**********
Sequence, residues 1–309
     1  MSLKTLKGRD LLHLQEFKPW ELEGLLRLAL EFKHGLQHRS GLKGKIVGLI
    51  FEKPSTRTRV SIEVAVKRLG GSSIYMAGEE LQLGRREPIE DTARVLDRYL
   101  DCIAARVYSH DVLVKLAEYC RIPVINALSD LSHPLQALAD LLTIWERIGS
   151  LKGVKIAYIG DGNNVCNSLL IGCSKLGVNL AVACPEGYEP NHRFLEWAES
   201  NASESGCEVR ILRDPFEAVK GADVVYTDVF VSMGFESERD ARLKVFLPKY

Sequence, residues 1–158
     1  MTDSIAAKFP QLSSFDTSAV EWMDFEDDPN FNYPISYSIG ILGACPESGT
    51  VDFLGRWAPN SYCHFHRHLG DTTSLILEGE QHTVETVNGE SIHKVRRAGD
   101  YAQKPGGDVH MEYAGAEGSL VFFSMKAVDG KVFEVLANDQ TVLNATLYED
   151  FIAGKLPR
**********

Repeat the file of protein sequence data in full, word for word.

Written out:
Sequence, residues 1–309
     1  MSLKTLKGRD LLHLQEFKPW ELEGLLRLAL EFKHGLQHRS GLKGKIVGLI
    51  FEKPSTRTRV SIEVAVKRLG GSSIYMAGEE LQLGRREPIE DTARVLDRYL
   101  DCIAARVYSH DVLVKLAEYC RIPVINALSD LSHPLQALAD LLTIWERIGS
   151  LKGVKIAYIG DGNNVCNSLL IGCSKLGVNL AVACPEGYEP NHRFLEWAES
   201  NASESGCEVR ILRDPFEAVK GADVVYTDVF VSMGFESERD ARLKVFLPKY

Sequence, residues 1–158
     1  MTDSIAAKFP QLSSFDTSAV EWMDFEDDPN FNYPISYSIG ILGACPESGT
    51  VDFLGRWAPN SYCHFHRHLG DTTSLILEGE QHTVETVNGE SIHKVRRAGD
   101  YAQKPGGDVH MEYAGAEGSL VFFSMKAVDG KVFEVLANDQ TVLNATLYED
   151  FIAGKLPR